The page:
China’s Rising Chip Industry

Last week, Chinese company Huawei surprised everyone by unveiling their latest smartphone, the Mate 60 Pro. This smartphone features the Kirin 9000s chip, which is developed by Huawei and manufactured by China’s top contract chipmaker SMIC using advanced 7nm technology.

The positive feedback from early users, along with these findings, suggests that China is making significant progress in high-end chip development. This is noteworthy considering the increasing sanctions imposed by the US to limit China’s access to advanced chip-making tools.

The ban on Chinese industry purchasing semiconductors and chips from the US is the result of several factors, including national security concerns and trade tensions between the two countries. One major factor is the ongoing trade dispute between the US and China.

The US has restricted Chinese technology companies, especially those associated with Huawei, due to concerns about national security risks and intellectual property theft. Semi- conductors and chips are crucial components in various electronic devices, including tele-communications equipment, and the US has attempted to restrict China’s access to advanced technology.

The US government is also worried about China’s industrial policies, such as the “Made in China 2025” programme, which aims to promote self-sufficiency and dominance in high-tech industries, including semiconductors. These policies are seen as a threat to US technological leadership, leading to measures being implemented to limit Chinese access to advanced technologies.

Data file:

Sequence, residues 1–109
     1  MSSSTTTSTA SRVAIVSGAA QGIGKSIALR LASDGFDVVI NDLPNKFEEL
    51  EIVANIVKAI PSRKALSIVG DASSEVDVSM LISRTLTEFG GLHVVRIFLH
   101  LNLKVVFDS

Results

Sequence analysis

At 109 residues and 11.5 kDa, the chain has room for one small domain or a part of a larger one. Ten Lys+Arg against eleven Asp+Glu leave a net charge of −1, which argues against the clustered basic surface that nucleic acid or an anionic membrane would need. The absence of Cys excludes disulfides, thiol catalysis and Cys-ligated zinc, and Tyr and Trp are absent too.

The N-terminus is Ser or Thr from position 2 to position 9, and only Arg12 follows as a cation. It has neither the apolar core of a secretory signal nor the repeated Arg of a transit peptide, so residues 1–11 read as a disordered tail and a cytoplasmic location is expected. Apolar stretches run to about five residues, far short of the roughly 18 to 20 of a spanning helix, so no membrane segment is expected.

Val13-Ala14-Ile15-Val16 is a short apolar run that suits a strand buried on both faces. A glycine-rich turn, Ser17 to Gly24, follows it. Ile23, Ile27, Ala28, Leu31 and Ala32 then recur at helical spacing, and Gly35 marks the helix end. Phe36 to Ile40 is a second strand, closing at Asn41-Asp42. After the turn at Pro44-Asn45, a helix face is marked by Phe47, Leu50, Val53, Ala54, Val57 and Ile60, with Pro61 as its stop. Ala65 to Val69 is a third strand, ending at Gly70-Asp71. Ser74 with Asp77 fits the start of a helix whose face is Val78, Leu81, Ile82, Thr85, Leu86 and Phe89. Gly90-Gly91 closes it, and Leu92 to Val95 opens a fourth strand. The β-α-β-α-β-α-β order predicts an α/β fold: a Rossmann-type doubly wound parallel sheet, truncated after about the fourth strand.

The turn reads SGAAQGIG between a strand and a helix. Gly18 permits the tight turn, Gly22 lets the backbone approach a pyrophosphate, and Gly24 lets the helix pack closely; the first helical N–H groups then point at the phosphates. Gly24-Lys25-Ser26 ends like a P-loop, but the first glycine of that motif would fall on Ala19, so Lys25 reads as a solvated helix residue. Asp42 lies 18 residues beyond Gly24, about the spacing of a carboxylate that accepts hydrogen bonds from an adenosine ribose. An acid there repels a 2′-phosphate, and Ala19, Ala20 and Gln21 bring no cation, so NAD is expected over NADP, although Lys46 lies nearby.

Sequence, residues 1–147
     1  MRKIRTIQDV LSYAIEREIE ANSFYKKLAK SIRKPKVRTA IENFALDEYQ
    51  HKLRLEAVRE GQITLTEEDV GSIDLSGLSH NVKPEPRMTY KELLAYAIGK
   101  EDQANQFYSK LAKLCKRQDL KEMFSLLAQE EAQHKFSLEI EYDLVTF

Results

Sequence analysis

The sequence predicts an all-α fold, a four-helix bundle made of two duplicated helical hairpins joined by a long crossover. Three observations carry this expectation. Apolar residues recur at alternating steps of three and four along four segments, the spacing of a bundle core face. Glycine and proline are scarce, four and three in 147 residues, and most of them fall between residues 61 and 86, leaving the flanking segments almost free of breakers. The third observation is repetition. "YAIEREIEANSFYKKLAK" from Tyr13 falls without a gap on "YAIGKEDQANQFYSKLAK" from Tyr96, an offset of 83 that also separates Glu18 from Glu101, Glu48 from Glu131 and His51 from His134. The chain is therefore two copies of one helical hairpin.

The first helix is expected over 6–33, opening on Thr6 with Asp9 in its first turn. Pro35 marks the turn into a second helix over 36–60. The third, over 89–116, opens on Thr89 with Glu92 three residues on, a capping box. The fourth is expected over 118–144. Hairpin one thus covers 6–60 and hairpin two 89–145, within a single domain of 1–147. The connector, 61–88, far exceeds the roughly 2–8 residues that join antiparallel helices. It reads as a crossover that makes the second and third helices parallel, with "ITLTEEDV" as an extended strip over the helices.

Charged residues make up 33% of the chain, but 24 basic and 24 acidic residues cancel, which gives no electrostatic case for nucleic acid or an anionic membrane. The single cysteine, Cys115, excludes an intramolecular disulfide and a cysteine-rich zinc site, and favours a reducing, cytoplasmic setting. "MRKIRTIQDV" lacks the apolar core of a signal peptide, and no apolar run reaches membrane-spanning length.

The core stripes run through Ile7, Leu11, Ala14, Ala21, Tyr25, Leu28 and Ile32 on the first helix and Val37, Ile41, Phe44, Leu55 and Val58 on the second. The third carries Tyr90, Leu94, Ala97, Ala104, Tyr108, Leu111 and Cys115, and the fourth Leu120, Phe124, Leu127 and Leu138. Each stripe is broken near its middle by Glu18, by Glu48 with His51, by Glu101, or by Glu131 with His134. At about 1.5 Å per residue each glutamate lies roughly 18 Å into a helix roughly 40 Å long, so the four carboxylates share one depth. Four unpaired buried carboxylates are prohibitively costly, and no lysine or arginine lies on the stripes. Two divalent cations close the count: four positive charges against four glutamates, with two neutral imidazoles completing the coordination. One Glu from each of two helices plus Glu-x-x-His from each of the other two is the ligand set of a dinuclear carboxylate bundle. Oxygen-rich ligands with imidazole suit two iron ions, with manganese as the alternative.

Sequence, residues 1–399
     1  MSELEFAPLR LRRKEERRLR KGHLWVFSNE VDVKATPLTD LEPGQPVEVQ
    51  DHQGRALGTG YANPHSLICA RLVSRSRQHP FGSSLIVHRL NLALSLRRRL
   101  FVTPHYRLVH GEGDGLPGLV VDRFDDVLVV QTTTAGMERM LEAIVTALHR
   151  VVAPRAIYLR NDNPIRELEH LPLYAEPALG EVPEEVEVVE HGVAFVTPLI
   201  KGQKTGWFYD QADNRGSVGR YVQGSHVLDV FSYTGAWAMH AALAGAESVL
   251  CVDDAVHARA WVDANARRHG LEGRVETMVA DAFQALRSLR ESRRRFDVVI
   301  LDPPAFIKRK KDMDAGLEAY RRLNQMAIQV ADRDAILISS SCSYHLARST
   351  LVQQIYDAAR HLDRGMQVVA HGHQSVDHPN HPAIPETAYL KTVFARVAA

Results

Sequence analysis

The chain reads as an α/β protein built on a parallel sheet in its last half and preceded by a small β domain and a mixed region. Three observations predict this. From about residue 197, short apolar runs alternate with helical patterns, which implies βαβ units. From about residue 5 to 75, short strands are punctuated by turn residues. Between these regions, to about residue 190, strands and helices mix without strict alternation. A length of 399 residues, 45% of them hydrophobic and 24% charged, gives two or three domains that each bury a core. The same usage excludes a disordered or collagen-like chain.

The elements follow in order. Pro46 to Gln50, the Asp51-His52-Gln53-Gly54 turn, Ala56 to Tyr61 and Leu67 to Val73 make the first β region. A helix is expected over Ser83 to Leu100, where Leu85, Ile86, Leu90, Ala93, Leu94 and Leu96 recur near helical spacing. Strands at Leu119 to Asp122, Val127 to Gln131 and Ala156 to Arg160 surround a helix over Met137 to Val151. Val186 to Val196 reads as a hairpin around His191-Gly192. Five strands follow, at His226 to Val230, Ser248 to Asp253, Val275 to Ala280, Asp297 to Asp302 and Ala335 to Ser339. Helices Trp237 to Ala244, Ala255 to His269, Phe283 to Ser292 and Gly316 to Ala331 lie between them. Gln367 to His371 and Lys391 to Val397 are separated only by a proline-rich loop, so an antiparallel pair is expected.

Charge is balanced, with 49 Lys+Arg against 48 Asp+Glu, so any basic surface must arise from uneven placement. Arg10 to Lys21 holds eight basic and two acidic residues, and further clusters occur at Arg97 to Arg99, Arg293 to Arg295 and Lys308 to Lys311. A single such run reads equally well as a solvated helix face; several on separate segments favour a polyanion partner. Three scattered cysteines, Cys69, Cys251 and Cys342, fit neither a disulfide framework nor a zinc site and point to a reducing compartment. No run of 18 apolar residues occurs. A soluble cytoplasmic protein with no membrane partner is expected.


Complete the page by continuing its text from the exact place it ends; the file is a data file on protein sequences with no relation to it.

In the past, China heavily relied on imported semiconductor chips for its technology industry, purchasing them from the US and the Netherlands for sectors such as consumer electronics, telecommunications, and automotive.

However, the US sanctions have limited China’s access to advanced semiconductor technology, aiming to hinder its aspirations of becoming a global leader in the industry. Instead, this has pushed China to invest in developing and manufacturing its own domestic semiconductor chips, requiring substantial investment in research and development, infrastructure, and talent.

Additionally, the US ban was intended to disrupt the supply chain of Chinese technology companies, resulting in potential disruptions to their production capabilities. This could have led to delays in product manufacturing and potentially increased costs. Ultimately, such impacts could have adverse effects on the competitiveness of Chinese technology products in the international market.

On the other hand, the ban has motivated China to accelerate its efforts towards self-sufficiency in the development of its domestic semiconductor and chip industry. Through initiatives like the “Made in China 2025” programme, China has already made significant investments in semiconductor manufacturing.

The ban on Huawei has functioned as a driving force, bolstering China’s self-reliance in semiconductor manufacturing and diminishing its reliance on overseas technology. Undeniably, China is rapidly emerging as a dominant player in the semiconductor and chip production realm. However, what measures would the US take if the sanctions were to fail egregiously? The end.

Mohamed Mohamoud Adde is an academic and a political Analyst specialising in offering expert analysis, insight and recommendations on Political developments.

(His goal is to aid stakeholders in making informed decisions and comprehending the complex dynamics of political systems.)

La Xiriira

Live Now

English News

Facebook Feed